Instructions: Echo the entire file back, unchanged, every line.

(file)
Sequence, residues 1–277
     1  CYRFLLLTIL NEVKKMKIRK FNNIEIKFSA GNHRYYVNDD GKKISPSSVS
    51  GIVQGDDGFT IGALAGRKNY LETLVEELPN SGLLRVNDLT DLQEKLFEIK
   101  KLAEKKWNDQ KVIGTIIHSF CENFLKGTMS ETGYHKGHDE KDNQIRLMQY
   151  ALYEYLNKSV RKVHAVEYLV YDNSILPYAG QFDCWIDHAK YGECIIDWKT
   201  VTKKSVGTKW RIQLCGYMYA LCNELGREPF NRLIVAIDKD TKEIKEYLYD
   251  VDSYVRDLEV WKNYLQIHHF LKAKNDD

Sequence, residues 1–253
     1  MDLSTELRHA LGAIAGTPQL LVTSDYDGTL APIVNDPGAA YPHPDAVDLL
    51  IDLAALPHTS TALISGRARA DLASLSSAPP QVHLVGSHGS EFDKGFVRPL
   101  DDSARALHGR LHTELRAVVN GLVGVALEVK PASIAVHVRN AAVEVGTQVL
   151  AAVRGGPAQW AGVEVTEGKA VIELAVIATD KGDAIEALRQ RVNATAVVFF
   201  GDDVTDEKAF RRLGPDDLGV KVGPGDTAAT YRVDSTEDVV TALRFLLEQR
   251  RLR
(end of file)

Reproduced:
Sequence, residues 1–277
     1  CYRFLLLTIL NEVKKMKIRK FNNIEIKFSA GNHRYYVNDD GKKISPSSVS
    51  GIVQGDDGFT IGALAGRKNY LETLVEELPN SGLLRVNDLT DLQEKLFEIK
   101  KLAEKKWNDQ KVIGTIIHSF CENFLKGTMS ETGYHKGHDE KDNQIRLMQY
   151  ALYEYLNKSV RKVHAVEYLV YDNSILPYAG QFDCWIDHAK YGECIIDWKT
   201  VTKKSVGTKW RIQLCGYMYA LCNELGREPF NRLIVAIDKD TKEIKEYLYD
   251  VDSYVRDLEV WKNYLQIHHF LKAKNDD

Sequence, residues 1–253
     1  MDLSTELRHA LGAIAGTPQL LVTSDYDGTL APIVNDPGAA YPHPDAVDLL
    51  IDLAALPHTS TALISGRARA DLASLSSAPP QVHLVGSHGS EFDKGFVRPL
   101  DDSARALHGR LHTELRAVVN GLVGVALEVK PASIAVHVRN AAVEVGTQVL
   151  AAVRGGPAQW AGVEVTEGKA VIELAVIATD KGDAIEALRQ RVNATAVVFF
   201  GDDVTDEKAF RRLGPDDLGV KVGPGDTAAT YRVDSTEDVV TALRFLLEQR
   251  RLR